So, the big day has arrived. You are at the wedding venue at the prescribed time, you are ready with gear in hand, batteries charged up, and if you are lucky, a second shooter is ready to go. Suddenly, it hits you. You are in charge of preserving this sacred day. A wedding day that has taken hours upon hours of tedious planning, a day that the bride has been looking forward to since she was a little girl. A day that can never ever be recreated. Do you feel a little bit panicky? I do too. Every time. I find that it is really helpful to me to have a prefabricated list of must have shots and wedding poses before the panic overcomes my ability to think clearly.
Plan of Action
As often as possible I like to have a pre-wedding consult a few weeks prior to the actual wedding day with the bride and groom. We sit down and discuss the timeline for their event, the ideas they have, and any must have shots and portraits that they would like on their wedding day. Not only does this give me a detailed list to work from when doing the formal shots, but it often gives me a glimpse into the family dynamics and relationships between the people who are going to be attending.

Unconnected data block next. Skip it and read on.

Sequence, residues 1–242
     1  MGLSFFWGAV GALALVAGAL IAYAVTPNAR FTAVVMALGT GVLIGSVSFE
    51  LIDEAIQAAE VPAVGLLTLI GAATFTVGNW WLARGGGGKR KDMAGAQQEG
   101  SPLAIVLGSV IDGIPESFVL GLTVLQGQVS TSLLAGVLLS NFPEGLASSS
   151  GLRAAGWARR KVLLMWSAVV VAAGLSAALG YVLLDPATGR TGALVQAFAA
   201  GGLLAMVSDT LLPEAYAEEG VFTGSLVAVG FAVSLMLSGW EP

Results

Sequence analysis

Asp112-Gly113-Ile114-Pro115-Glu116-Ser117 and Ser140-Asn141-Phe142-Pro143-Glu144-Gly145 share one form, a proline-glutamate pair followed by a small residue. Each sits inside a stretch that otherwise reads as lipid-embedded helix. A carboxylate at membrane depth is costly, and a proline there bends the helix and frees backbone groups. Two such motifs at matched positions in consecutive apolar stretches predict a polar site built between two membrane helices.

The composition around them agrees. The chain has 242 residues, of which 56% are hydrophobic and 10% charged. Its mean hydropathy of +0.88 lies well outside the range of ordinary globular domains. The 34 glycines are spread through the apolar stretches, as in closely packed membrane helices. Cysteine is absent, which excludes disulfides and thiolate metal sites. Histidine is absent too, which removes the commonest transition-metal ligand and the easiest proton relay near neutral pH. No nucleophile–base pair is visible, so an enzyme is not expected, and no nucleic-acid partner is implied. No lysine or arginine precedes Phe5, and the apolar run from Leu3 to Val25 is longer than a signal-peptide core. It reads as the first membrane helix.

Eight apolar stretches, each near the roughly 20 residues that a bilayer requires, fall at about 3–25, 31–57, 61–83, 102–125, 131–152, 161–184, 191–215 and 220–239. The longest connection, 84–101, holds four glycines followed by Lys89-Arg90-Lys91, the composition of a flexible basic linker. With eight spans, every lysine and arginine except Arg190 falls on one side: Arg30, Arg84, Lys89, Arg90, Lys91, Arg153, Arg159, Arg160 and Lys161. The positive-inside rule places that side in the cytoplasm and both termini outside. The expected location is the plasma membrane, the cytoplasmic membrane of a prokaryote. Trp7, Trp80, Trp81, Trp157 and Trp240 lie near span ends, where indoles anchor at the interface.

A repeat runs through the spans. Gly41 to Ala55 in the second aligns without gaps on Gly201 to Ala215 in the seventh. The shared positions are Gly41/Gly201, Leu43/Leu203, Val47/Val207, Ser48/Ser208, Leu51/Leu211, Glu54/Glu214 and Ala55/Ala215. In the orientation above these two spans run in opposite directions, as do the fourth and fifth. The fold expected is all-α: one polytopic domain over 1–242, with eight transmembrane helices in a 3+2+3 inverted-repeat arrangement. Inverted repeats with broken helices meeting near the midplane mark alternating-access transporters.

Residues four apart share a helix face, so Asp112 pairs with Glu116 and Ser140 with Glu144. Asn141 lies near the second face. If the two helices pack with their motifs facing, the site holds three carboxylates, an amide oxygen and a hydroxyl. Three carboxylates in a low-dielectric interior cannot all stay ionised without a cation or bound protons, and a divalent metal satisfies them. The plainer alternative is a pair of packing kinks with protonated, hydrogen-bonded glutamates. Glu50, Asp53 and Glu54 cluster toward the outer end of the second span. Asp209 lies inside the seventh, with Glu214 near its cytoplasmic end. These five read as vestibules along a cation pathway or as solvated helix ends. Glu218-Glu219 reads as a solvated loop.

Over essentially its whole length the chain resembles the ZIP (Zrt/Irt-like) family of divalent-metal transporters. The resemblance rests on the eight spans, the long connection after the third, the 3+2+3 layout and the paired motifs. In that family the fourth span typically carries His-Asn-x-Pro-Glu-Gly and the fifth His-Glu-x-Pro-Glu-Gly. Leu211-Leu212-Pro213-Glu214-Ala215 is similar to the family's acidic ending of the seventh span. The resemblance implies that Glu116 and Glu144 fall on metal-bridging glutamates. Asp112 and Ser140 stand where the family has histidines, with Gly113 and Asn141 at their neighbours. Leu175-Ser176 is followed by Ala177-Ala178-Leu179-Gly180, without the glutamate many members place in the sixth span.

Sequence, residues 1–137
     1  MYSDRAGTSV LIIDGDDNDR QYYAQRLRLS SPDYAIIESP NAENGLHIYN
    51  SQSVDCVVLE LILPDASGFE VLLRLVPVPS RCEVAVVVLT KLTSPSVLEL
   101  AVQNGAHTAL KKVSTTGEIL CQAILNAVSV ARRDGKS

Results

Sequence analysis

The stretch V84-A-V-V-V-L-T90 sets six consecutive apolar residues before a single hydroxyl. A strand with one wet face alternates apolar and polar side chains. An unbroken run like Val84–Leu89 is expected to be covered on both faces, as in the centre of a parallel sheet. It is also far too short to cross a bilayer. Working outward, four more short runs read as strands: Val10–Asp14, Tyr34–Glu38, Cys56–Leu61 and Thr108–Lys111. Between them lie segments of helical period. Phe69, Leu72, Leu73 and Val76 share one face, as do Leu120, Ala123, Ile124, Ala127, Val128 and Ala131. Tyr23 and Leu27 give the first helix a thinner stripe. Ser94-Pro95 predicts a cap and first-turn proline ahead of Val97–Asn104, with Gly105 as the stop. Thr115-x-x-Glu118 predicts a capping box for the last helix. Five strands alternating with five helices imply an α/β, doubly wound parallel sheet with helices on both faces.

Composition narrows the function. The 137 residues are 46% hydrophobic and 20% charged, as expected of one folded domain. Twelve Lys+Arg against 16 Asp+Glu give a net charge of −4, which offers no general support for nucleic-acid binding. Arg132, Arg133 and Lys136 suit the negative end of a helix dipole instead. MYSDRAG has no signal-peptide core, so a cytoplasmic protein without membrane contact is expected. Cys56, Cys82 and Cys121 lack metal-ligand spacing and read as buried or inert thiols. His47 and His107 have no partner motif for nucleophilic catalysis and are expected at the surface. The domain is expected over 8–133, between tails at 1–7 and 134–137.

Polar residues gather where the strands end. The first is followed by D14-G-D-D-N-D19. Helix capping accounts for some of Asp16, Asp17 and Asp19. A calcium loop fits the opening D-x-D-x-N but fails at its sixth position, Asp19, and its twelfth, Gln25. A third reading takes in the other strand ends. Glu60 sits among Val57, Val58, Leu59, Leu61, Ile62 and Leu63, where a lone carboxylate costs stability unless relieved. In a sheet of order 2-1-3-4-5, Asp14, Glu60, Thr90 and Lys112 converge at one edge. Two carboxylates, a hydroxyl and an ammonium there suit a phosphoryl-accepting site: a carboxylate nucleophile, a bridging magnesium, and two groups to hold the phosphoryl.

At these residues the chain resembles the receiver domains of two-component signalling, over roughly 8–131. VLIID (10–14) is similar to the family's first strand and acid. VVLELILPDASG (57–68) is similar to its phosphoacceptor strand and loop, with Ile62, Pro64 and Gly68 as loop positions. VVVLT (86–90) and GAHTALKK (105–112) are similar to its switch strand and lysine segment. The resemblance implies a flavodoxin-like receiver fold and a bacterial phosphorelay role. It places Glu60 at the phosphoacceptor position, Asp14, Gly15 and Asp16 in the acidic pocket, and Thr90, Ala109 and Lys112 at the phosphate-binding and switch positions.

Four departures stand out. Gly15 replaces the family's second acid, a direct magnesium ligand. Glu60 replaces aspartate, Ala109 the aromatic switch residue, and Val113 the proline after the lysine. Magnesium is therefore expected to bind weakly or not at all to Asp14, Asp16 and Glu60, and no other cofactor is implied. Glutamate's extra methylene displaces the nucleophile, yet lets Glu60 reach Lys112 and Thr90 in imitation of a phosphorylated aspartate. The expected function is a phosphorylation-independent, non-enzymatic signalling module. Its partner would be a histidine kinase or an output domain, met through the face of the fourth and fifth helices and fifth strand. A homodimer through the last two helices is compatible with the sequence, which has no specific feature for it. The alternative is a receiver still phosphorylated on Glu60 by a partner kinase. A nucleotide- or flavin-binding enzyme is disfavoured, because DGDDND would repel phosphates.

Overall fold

The Must Have Wedding Shots
Aside from any photos on the bride and grooms list and obvious formal and informal shots during and after the ceremony, here are some shots that I always try and get throughout the day.
- Bride with bridesmaids getting ready.
- Bride’s bouquet.
- Any jewelry that the bride will be wearing.
- Wedding dress before the bride is wearing it.
- Mother of the bride helping bride prepare.
- Groom getting ready.
- Father of the Bride seeing his daughter in her wedding dress.
- Mother of Groom pinning on flowers.
- Ceremony site before the guests arrive.
- Details at ceremony site.
- Reception venue.
- Any and all little details at reception venue.
- Ring shots.
- Food, cake, table settings.
- Wide ambiance shot of the reception
- Grandparents dancing.
- Getaway car.
Some of these shots have to be orchestrated. At times I need to coach the bridesmaids on where to stand and how to help, in order to get the best shot. I often need to send a second shooter to make sure I get shots of the reception site before the guests come, and to help capture lots of important shots in between. The point is, readers, it helps to have a plan, a cohesive guide, to follow when the panic sets in.
It is reassuring to know that you can get through the day, and leave feeling confident you captured all the important moments of the wedding, to help the couple relive their time in the spotlight. So before you head out to shoot that next wedding, sit down and make a list of photos you absolutely know you should take, and I promise, the panic will be so much more manageable!